UNICEF seeks one billion dollars to help AIDS orphans
"Our target is to reach 10 million orphans and assist them to get access to schools, have food, and meet other needs," said UNICEF's HIV/AIDS advisor Peter McDermott.
While there are currently 15 million children worldwide who have lost their parents to AIDS, that number is expected to reach 18 million by 2010.
"The real impact of AIDS is still coming...the number of deaths is going to increase in the next six years," said UNICEF monitoring information officer, Roeland Monasch.
Officials from the UN Children's Fund were attending a conference in Cape Town with their counterparts from the UN World Food Programme and the UNAIDS agency to draw up an action plan to help AIDS orphans worldwide.
The three-day conference is also attended by officials from 17 African countries, which are the most affected by the AIDS pandemic.
In 2003 alone, 5.2 million children became orphans in sub-Saharan Africa mainly due to the AIDS pandemic, according to UNICEF.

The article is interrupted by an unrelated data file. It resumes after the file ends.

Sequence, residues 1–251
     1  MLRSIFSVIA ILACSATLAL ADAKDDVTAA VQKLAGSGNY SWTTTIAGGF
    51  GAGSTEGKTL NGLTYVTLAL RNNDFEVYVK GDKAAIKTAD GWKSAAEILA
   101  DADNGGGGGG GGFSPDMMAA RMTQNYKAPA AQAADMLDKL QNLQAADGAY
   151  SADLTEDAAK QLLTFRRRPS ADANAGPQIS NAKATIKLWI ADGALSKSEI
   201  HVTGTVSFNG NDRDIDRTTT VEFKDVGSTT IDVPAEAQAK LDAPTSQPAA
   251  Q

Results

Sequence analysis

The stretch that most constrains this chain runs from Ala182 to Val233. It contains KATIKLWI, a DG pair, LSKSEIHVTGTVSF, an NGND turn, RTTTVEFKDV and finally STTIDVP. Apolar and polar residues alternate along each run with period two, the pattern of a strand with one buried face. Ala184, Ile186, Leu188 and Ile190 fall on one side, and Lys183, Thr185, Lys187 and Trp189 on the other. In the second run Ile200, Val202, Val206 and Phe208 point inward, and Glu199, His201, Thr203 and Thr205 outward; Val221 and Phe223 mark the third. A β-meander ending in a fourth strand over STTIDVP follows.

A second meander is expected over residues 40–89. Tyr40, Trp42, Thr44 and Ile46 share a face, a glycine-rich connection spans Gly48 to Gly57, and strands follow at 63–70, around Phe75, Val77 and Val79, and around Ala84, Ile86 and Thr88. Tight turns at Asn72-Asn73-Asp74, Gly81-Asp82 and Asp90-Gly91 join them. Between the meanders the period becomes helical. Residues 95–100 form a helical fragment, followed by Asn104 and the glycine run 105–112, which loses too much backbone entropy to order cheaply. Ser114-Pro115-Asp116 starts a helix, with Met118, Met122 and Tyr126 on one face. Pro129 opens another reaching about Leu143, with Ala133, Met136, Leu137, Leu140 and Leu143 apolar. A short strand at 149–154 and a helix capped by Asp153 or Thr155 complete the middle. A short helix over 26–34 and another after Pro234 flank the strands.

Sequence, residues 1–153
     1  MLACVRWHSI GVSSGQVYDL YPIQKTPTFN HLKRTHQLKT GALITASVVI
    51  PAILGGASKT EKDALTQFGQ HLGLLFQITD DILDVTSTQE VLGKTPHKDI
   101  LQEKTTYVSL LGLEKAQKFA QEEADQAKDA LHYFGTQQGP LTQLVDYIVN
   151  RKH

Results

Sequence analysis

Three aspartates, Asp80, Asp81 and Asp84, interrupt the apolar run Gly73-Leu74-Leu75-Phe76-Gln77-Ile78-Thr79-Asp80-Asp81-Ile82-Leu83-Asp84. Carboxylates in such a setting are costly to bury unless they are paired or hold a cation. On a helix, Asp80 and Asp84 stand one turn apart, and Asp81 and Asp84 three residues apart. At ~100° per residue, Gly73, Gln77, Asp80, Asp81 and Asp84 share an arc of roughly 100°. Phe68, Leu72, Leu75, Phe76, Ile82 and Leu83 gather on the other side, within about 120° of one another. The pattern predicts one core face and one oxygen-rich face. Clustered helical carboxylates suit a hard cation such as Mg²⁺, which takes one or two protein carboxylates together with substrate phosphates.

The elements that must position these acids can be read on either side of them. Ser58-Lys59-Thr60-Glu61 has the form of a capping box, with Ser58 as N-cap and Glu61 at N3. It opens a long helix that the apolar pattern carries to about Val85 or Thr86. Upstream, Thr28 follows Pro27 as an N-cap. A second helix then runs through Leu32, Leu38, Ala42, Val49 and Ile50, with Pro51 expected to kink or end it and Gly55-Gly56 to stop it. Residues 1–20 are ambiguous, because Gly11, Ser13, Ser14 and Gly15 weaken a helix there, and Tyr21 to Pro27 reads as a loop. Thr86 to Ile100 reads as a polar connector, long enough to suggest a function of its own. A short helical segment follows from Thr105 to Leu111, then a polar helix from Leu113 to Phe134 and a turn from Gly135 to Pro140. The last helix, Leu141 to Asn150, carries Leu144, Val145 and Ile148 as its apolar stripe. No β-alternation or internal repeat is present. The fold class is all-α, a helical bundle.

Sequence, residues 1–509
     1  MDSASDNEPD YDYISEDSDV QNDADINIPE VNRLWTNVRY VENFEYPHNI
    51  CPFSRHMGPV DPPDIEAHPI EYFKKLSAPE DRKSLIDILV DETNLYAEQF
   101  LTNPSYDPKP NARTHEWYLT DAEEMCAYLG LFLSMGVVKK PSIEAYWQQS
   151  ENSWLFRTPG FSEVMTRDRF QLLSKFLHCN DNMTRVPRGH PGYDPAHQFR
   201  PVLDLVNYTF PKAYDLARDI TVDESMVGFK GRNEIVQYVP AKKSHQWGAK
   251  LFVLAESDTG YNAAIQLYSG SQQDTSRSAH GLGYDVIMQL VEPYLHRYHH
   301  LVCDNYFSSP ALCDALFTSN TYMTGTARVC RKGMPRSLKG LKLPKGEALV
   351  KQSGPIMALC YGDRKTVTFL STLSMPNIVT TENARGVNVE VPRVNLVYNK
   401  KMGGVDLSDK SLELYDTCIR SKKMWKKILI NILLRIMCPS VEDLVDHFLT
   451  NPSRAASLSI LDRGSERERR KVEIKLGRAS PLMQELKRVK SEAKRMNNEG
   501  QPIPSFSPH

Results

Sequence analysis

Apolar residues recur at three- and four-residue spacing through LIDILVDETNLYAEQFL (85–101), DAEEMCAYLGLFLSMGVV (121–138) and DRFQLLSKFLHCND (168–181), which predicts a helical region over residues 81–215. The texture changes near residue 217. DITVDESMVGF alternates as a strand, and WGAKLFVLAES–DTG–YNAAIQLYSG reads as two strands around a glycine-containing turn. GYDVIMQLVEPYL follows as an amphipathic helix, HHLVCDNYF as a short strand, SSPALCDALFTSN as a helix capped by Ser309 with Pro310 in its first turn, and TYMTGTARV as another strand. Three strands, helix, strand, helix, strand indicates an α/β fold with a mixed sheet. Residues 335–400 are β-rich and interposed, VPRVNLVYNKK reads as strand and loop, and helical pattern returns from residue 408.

There are currently about 12.3 million AIDS orphans in sub-Saharan Africa.
McDermott said that UNICEF was meeting with donors and hoped to launch the campaign next year and that it will be a six-year effort to tackle the projected increase in the number of AIDS orphans until 2010.
The devastating effects of the pandemic are being compounded by drought in countries like southern African countries like Zimbabwe, Lesotho, and Swaziland.
"Unfortunately during the times of draught and economic crisis, families are being put under stress to cope with the problem of orphans," said Zimbabwe's acting permanent secretary for public service, labour, and social services, Sydney Mhishi.
The pandemic is also taking a toll on the extended family.
"HIV/AIDS is eroding the structure of the extended family, which has acted as a safety net for orphans," said Swaziland Education Minister Constance Simelane.
But Monasch said that extended families were still looking after 90 percent of AIDS orphans and vulnerable children in Africa.
Swaziland has the highest HIV prevalence in the world at close to 40 percent.
Copyright (c) 2004 Agence France-Presse
Received by NewsEdge Insight: 09/22/2004 13:03:04
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